May 14th, 2018 by Steve Hanley
It should come as no surprise that with more than 100,000 commercial flights a day, the airline industry creates a lot of carbon emissions. Those emissions are potentially more damaging than those from ground-based transportation because most of them are inserted directly into the upper atmosphere where they cannot be absorbed by the normal carbon sinks — trees, oceans, and the earth itself.
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But there’s more to the emissions picture than the exhaust from all those jet engines. Researchers at the University of Sydney have spent the last 18 months looking at emissions from the entire tourism value chain, not only those from airplanes but also the hotel and food preparations that cater to tourists. They even included souvenirs in their analysis. In total, more than one billion inputs were considered.
The total amounts to 4.5 gigatons of carbon dioxide equivalent every year. Previous estimates varied from 1 to 2 gigatons a year, according to New Scientist. The new figure is equal to about 8% of all global emissions.
Their research has just been published by the journal Nature Climate Change. “Our analysis is a world-first look at the true cost of tourism — including consumables such as food from eating out and souvenirs — it’s a complete life-cycle assessment of global tourism, ensuring we don’t miss any impacts,” says co-author Arunima Malik. “This research fills a crucial gap identified by the World Tourism Organization and World Meteorological Organization to quantify, in a comprehensive manner, the world’s tourism footprint.”
Co-author Ya-Yen Sun says the research suggests a total re-think about tourism and its emissions impact. “Given that tourism is set to grow faster than many other economic sectors, the international community may consider its inclusion in the future in climate commitments, such as the Paris Accord, by tying international flights to specific nations,” she said. “Carbon taxes or carbon trading schemes — in particular for aviation — may be required to curtail unchecked future growth in tourism related emissions.”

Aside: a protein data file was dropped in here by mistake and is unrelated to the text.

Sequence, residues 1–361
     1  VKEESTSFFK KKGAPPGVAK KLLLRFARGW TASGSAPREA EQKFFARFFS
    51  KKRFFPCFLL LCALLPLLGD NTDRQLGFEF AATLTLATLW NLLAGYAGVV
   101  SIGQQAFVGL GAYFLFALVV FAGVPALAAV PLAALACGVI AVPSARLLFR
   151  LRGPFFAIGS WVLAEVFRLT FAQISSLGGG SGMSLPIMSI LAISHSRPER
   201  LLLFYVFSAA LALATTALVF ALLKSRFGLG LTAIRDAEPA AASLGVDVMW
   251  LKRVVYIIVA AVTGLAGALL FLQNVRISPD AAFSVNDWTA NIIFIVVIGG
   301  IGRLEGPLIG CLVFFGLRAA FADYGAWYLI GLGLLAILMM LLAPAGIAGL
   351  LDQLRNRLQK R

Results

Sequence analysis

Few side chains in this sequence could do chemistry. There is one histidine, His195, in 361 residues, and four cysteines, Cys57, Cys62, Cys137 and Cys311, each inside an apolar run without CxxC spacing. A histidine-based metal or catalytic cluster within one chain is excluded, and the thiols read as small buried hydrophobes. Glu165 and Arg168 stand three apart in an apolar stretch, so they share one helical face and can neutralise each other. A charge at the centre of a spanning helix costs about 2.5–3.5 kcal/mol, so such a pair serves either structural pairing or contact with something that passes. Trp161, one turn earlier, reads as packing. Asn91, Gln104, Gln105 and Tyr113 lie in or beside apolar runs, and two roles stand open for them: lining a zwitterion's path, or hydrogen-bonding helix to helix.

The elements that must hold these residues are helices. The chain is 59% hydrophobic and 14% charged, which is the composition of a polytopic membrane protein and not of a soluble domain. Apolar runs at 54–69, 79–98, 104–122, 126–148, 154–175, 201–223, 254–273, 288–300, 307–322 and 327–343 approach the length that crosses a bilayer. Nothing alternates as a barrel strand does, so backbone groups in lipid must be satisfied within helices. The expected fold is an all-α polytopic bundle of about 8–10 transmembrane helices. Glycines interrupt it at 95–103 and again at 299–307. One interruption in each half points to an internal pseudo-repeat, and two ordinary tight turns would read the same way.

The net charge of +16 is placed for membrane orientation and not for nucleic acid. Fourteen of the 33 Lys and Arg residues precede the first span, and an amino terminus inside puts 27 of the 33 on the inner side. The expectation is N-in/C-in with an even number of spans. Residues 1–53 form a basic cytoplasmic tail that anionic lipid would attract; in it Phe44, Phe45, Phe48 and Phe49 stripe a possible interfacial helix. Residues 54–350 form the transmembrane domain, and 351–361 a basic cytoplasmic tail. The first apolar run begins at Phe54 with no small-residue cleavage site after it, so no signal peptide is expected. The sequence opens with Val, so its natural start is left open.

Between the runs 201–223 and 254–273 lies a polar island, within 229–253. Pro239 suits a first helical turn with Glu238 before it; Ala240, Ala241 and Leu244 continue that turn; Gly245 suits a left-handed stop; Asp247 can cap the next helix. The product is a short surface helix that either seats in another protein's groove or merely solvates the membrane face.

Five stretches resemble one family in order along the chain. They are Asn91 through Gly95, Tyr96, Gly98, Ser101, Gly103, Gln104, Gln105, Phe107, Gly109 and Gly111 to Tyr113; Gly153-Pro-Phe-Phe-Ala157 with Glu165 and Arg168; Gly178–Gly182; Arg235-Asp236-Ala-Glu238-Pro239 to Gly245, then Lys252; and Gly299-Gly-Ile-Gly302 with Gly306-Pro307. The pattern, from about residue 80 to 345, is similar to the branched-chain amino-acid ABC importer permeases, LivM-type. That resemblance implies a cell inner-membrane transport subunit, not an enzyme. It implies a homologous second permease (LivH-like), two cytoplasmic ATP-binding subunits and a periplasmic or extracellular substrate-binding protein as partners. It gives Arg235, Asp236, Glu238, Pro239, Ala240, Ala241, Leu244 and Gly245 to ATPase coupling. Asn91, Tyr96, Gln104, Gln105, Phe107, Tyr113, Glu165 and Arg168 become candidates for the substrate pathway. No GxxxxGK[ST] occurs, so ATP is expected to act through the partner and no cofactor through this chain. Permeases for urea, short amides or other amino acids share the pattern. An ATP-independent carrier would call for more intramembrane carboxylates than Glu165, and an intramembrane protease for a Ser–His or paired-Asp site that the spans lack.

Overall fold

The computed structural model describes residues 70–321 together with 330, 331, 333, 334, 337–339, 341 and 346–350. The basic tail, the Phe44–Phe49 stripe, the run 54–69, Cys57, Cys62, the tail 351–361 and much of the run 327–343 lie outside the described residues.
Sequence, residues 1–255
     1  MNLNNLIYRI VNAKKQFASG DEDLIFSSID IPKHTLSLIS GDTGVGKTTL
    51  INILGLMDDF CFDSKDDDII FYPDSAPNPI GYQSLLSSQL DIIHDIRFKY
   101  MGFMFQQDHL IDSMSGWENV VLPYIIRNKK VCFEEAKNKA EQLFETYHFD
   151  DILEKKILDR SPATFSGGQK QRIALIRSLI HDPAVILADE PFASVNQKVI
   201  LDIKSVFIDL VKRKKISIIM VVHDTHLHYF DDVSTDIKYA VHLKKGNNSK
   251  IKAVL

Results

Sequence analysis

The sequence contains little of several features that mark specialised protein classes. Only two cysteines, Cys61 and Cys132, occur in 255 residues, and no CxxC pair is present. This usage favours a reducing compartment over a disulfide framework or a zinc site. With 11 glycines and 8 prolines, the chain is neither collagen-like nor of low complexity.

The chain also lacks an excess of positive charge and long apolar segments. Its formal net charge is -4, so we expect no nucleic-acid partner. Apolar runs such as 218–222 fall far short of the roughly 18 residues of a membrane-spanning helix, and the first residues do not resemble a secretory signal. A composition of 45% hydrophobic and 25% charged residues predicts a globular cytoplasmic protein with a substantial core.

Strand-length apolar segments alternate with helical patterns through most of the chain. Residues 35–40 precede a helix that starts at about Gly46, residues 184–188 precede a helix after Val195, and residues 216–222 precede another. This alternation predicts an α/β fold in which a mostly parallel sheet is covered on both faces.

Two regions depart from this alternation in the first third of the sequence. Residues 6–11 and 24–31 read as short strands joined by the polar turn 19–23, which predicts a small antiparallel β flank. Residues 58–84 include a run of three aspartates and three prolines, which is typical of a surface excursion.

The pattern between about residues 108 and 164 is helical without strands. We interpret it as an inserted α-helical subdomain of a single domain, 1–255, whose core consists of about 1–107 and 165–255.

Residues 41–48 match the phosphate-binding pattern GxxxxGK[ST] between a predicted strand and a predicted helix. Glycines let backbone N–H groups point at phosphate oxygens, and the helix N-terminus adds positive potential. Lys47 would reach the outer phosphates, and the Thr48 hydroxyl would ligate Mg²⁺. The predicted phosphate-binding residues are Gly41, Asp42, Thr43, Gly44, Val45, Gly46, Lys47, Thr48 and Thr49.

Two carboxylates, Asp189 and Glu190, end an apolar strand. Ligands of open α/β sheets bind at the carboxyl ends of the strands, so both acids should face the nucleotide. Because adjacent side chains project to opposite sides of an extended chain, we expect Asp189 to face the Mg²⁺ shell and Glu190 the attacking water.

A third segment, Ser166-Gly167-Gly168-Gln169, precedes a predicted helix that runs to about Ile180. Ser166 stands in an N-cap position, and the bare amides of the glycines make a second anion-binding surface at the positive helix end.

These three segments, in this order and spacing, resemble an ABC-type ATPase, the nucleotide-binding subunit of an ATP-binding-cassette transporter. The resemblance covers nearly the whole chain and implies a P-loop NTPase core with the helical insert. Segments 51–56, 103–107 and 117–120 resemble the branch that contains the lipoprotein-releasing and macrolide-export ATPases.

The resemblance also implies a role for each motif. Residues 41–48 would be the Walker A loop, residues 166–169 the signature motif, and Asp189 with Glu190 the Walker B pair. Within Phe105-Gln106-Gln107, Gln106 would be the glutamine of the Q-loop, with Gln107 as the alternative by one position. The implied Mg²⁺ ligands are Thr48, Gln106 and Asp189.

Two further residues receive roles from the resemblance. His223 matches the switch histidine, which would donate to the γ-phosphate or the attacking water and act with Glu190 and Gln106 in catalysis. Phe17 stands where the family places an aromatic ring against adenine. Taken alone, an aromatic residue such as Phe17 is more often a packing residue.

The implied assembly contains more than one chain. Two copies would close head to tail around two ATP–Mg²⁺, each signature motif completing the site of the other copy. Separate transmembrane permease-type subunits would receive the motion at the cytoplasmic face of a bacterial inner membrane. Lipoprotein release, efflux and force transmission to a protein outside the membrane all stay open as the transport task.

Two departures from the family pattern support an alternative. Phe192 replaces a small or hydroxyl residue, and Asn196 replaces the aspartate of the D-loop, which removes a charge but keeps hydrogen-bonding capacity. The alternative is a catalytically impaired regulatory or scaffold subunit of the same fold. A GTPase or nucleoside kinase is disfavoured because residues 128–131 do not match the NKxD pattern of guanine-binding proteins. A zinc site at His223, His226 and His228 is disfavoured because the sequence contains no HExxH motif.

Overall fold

The study shows the US is the country with the largest carbon footprint from tourism, followed closely by China, Germany, and India. The majority of these carbon footprints are caused by domestic travel. Business travel could not be distinguished from tourism, reports Science Daily. Island nations tend to be impacted more than other places, as wealthy travelers go in search of beaches and warm breezes. In the Maldives, Mauritius, Cyprus, and the Seychelles, international tourism represents between 30 and 80% of national emissions.
The study notes international arrivals and tourism receipts have been growing at an annual rate of 3 to 5% — outpacing the growth of international trade in general. “[The] strongest growth was seen in emerging economies such as China, India and Brazil, as wealthy citizens seek to travel to exotic destinations,” says Malik. The UN World Tourism Organization reported recently that Chinese people were the top tourism spenders in 2017. They spent almost $258 billion — nearly double the $135 billion spent by Americans.
Is there any way to reduce the amount of carbon emissions from tourism? “Flying less is one recommendation,” says Malik. But that is more a hope than a plan. “Growth in tourism-related expenditure is a stronger accelerator of emissions than growth in manufacturing, construction or service provision,” she says.
The real answer lies in what economists call “untaxed externalities.” In essence, the current economic model excuses fossil fuels from paying anything to offset the costs associated with carbon emissions. If there is no economic penalty for bad behavior, it is likely to continue unabated or increase. Only when fossil fuels are required to account for the damage they do will the world get a handle on its emissions problem.